The political arm of the Planned Parenthood abortion business has launched an attack on pro-life Virginia gubernatorial candidate Ken Cuccinelli.
Politico has more on what the nation’s largest abortion chain is doing to go after him:
The Planned Parenthood Action Fund and Planned Parenthood Virginia PAC are teaming up today to launch a campaign against Cuccinelli, the state attorney general, on women’s and health issues, POLITICO has learned.
“If the November election taught us anything, it’s that voters are sick and tired of politicians like Cuccinelli who want to insert themselves into our personal medical decisions. Cuccinelli’s ongoing attacks on women’s health and economic security should be a warning to us all: women’s health will be on the Virginia ballot in 2013,” said Cecile Richards, president of Planned Parenthood Action Fund.
A disclaimer at the bottom of the site says it was authorized by the campaign of Terry McAuliffe, Cuccinelli’s Democratic opponent.
“Ken Cuccinelli might not yet be a household name. But in just three short years, he has amassed a record as Virginia attorney general that has earned him the distinction of ‘the most overtly partisan attorney general in Virginia’s history,’” the main bar of the site says. “Now, he’s trying to take his ideology straight to the Virginia governor’s office.”
The site’s launch is pegged to the release of “The Last Line of Defense,” Cuccinelli’s new book, which came out Tuesday.
Cuccinelli’s campaign blasted the site as a distraction from more pressing economic and state-related issues.
“Once again Terry McAuliffe is bringing in his out-of-state network of liberal friends to try and influence voters in Virginia,” said Cuccinelli spokesman Jahan Wilcox. “Instead of offering plans to grow Virginia’s economy — instead of Mississippi’s — fix our transportation system, or improve our schools, Terry McAuliffe’s team is trying to do everything it can to not talk about the issues that matter to the people of Virginia.”
Cuccinelli is strongly pro-life and helped pave the way for the state health board to finally crack down on abortion centers in Virginia after reports of shocking abuses at abortion facilities — including the remains of aborted unborn babies in freezers and uncleaned blood splattered on operating room tables.
He said in an opinion that the state government can institute the regulations by executive order but McDonnell said he wanted the legislature to put the regulations in place. In his opinion, Cuccinelli provided legal guidance for the state Board of Health and said more limits can be placed on abortion businesses in Virginia when it comes to healthy and safety standards.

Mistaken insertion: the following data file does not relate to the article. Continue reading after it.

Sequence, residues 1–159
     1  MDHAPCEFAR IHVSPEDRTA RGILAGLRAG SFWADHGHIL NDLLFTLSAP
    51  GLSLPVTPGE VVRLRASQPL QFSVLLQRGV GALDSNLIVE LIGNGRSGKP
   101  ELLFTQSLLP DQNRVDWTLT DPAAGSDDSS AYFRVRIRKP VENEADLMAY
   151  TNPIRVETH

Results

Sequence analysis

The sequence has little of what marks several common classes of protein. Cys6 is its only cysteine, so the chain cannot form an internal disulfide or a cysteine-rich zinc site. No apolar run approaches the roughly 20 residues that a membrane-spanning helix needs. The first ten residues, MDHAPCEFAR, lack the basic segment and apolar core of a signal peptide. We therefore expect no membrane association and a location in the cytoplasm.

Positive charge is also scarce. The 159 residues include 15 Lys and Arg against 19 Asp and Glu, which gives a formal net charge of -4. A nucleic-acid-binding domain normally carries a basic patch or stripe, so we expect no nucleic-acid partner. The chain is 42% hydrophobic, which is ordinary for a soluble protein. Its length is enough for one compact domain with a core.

The pro-life advocate also drew praise for taking on Obamacare, which funds abortions and prompts concerns about rationing, in court.
“We often forget the most recognized words from our Declaration of Independence,” Cuccinelli has said. “’We hold these truths to be self-evident, that all men are created equal, that they are endowed by their Creator – their Creator – with certain unalienable Rights, [of] Life, Liberty and the pursuit of Happiness.’ And that ‘Governments are instituted among Men, deriving their just powers from the consent of the governed’. We don’t have any other rights if we don’t have that first one.”
McAuliffe, an abortion advocate who was the national party chair for Democrats, has frequently pushed abortion.
In July 2004, McAuliffe unveiled a new campaign to be headed up by NARAL president Kate Michelman called the Campaign to Save the Court. The goal of the campaign was to scare up pro-abortion votes for John Kerry by telling voters President Bush would appoint more judges to overturn Roe v. Wade if given another term.
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After the Kerry campaign loss, McAuliffe became the head of the Hillary Clinton presidential campaign and was replaced by pro-abortion former Vermont governor Howard Dean.
In February 2007, the Catholic Diocese of Syracuse canceled a planned speech McAuliffe had prepared because of his abortion views.
McAuliffe was slated to discuss a book he’d written on his involvement in politics at his high school alma mater, Bishop Ludden High School but officials with the Catholic church said the talk would be inappropriate because McAuliffe is a strong abortion supporter.
The diocese cited an interview McAuliffe gave to a nationally syndicated radio program saying he favors abortion “no question about it.”